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Man-about-town and NYC men's style fixture Matt Hranek is back with his second book, A Man & His Car. Here is a beautiful homage to an object of men's obsession, told in firsthand and original interviews. Jay Leno, a major car collector and the host of Jay Leno's Garage, shares the story of his oldest car, a 1955 Buick Roadmaster that he bought for $350, which he literally slept in before getting his break in L.A. Kevin Costner reveals that he got so attached to the iconic Shelby Mustang he drove in the movie Bull Durham, he bought it for his own personal collection. Franz von Holzhausen, chief designer at Tesla, who worked hand in hand with Elon Musk to design the Tesla Model S prototype, says that his love of cars started when he was two (as evidenced by a picture of him sitting in a high chair drawing a car). And as for Snoop Dogg and his 1965 Cadillac "Snoop DeVille" convertible--do we even need to explain? A Man & His Car includes visits to some of the most exclusive collections in the world--from that of the Petersen Automotive Museum to those of car manufacturers from Fiat to Ford--giving us access to Steve McQueen's favorite car, a 1956 Jaguar XKSS; the 1971 DeTomaso Pantera that Elvis purchased for his then-girlfriend Linda Thompson (and which has two bullet holes in the steering wheel and one in the driver's-side floorpan from when, after an altercation with Thompson, Presley fired three rounds into the interior when the car wouldn't start); and a super-rare, 24-karat-gold-plated 1980 DeLorean DMC-12, a model that was sold exclusively to American Express Gold Card members through the 1980 American Express catalog, for an astronomical $85,000 (equivalent to more than $250,000 today). Exquisite photos of each car accompany each story, and since cars naturally hold more detail than watches, there will be more photos in this book--of the cars head-on, of their hood ornaments and wheels, and of course full-body shots. With Hranek's storytelling, the cars become more than just vehicles for transportation and status symbols; they represent pop-culture moments, pioneering achievements, heirlooms, friendships, and more.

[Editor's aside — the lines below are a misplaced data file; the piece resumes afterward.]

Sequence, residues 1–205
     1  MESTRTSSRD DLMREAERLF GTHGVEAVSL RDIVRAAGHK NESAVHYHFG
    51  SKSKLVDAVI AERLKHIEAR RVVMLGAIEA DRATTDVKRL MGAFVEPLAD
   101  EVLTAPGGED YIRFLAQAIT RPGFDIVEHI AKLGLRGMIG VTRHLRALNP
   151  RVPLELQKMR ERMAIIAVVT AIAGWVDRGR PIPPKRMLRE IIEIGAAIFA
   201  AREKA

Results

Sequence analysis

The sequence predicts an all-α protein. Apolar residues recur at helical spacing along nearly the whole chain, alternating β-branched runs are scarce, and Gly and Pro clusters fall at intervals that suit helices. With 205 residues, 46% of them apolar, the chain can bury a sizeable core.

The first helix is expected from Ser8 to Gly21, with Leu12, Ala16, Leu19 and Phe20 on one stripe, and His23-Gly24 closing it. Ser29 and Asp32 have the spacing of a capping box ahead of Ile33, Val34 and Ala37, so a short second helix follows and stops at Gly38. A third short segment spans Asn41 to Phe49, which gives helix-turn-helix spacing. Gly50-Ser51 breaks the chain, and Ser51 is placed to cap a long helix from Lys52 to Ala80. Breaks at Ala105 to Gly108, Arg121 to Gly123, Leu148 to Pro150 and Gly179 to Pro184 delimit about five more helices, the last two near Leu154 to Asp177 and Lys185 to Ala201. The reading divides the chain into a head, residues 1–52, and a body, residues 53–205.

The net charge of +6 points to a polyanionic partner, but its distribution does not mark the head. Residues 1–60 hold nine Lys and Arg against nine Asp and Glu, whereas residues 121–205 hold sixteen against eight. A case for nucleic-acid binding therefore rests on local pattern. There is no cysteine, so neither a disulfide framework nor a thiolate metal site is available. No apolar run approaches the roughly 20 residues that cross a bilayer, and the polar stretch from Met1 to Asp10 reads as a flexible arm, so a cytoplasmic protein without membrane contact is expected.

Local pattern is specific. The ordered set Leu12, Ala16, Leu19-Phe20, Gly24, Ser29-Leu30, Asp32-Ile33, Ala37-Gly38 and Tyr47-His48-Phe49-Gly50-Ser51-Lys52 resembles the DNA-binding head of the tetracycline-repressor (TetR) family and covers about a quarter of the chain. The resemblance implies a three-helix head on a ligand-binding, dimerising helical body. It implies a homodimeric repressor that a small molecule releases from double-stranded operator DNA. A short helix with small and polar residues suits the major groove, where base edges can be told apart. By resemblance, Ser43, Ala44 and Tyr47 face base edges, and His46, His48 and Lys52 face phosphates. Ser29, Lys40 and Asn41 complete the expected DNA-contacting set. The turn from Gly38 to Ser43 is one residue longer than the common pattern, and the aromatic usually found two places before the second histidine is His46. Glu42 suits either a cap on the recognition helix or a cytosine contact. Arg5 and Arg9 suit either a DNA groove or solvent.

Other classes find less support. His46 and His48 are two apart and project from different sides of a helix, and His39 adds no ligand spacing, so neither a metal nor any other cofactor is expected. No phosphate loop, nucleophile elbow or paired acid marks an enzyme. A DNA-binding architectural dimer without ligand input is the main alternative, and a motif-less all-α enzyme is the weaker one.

The Anglo-Boer War in 100 Objects brings the victories and the tragedies, the full extent of the human drama behind this war – to life through 100 iconic artefacts.
While a Mafeking siege note helps to illustrate the acute shortages caused by the siege, a spade used by a Scottish soldier at Magersfontein and the boots of a Boer soldier who died at Spion Kop tell of the severity of some of the famous battles.
The book follows the course of the war but also highlights specific themes, such as British and Boer weaponry, medical services, POW camps, as well as major role-players on both sides.
The text is interspersed with striking historical images from the museum’s photographic collection. A further 200 secondary objects have been included to help tell the story of a conflict that left an indelible mark on the South African landscape.
Since this handbook was first published in 1994, interest in the book as a material object, and in the ways in which books have been owned, read and used, has burgeoned. Now established as a standard reference work, this book has been revised and expanded with a new set of over 200 colour illustrations, updated bibliographies and extended international coverage of libraries and online resources. It covers the history and understanding of inscriptions, bookplates, ink and binding stamps, mottoes and heraldry, and describes how to identify owners and track down books from particular collections via library and sale catalogues. Each section features an evaluated bibliography listing further sources, both online and in print. Illustrated examples of the many kinds of ownership evidence which can be found in books are also shown throughout. Relevant to anyone seeking to identify previous owners of books, or trace private libraries, this title will also support the work of all book historians interested in the history of reading or the use of books and in the book as a material object. An essential handbook for anyone working in provenance research.